Three decades have passed since the demise of communism and of its most prolific symbol in Romania: Nicolae Ceausescu.
In spite of the tremendous growth Romania has experienced ever since, the remnants of this regime are still noticeable.
That is why most aspects of everyday life were transformed by communism: from the political class to public health care to the urban architecture.
Find out the many shocking tales of what life was like under communism.
Furthermore learn about the brutality with which this system was enforced in Romania.
Get insight into the dictator Ceausescu’s fascinating life story, from his childhood to his execution.
Lastly, understand the difficult transition from socialism to democracy that Romania experienced.
This is an immersive half-day tour around Bucharest that will take you to some of the main communist sights:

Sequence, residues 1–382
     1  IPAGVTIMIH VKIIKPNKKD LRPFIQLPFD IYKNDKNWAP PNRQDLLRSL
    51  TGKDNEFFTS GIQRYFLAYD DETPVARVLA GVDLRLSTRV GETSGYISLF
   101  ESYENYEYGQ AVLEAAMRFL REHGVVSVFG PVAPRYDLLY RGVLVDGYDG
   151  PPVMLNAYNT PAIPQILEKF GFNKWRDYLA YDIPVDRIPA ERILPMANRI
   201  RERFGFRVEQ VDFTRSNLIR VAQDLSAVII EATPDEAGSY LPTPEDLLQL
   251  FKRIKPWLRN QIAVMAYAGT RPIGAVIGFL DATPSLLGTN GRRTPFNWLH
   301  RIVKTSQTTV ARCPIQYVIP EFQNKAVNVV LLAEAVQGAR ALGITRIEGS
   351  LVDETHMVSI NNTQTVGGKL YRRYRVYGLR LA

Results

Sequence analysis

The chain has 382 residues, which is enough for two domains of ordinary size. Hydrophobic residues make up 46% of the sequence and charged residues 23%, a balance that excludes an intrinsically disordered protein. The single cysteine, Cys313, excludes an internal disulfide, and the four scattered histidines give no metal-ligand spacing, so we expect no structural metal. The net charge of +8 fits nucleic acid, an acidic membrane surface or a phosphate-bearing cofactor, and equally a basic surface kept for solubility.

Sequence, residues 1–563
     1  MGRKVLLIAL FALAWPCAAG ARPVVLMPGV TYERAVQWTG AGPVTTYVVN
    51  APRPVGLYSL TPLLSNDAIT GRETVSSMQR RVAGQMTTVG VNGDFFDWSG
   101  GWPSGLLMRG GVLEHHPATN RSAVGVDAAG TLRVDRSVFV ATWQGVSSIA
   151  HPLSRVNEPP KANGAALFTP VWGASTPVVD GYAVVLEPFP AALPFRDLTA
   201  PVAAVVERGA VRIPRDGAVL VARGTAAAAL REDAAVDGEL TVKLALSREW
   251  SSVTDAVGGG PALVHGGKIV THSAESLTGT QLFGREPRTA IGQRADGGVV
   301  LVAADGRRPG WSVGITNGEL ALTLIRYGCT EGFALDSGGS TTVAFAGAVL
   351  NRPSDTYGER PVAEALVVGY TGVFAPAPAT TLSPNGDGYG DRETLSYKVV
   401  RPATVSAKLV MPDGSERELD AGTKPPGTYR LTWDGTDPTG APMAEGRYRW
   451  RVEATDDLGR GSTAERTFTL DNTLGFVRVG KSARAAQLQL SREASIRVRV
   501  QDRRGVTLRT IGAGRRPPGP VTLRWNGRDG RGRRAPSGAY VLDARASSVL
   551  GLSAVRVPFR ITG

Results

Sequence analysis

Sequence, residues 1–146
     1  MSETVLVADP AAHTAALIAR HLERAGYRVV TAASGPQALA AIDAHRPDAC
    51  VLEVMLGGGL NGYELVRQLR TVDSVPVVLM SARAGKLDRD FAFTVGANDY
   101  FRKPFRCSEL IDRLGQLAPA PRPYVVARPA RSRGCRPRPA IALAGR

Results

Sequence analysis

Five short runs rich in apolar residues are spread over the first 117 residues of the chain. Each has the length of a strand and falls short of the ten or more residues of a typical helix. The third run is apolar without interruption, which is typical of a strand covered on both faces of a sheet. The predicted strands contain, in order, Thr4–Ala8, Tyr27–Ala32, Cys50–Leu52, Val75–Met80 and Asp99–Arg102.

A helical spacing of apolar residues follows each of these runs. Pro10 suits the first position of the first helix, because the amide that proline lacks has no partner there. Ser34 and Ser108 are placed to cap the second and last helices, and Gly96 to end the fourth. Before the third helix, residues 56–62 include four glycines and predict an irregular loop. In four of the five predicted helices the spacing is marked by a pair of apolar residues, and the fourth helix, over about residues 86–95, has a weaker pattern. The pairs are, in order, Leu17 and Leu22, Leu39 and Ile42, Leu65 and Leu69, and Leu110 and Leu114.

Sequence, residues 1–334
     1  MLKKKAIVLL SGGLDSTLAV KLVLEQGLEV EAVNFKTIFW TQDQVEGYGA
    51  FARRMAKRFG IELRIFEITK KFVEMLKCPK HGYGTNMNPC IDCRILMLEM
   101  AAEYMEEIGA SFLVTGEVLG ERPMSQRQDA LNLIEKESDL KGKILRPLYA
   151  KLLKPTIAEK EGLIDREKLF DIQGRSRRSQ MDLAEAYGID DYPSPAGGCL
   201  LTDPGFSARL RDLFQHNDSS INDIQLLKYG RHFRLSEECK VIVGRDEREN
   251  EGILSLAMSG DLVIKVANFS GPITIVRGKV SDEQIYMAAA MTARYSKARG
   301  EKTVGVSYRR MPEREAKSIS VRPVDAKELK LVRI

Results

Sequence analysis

The Palace of the Parliament is the second largest building in the world after the Pentagon and the most expensive administrative building.
For this, vast amounts of money, materials and work effort were needed.
What is more, this structure was made by subjecting the Romanian people to shortages of all kinds during the 1980s.
The hidden churches from behind the utilitarian buildings such as the Mihai Voda and the Patriarchal Churches.
These are two religious sights from the Middle Ages which fortunately survived the demolition frenzy and are a testimony of how Bucharest looked before.
The Unirii Square with the splendid fountains designed during the Ceausescu regime and the biggest avenue in Bucharest: the former Victory of Socialism Boulevard.
Academia Romana building is a large scale construction in a similar style to the Parliament Palace. It was intended for the use of the dictator’s wife, Elena Ceausescu.
However, like several other buildings from the 1980s, it was only half finished.
Nowadays, a large section of it is left in ruins as a sore reminder of the dictator’s megalomaniac vision of Bucharest
The Revolution Square is where the communist regime began and where it all ended with the people’s protests during the Revolution of 1989.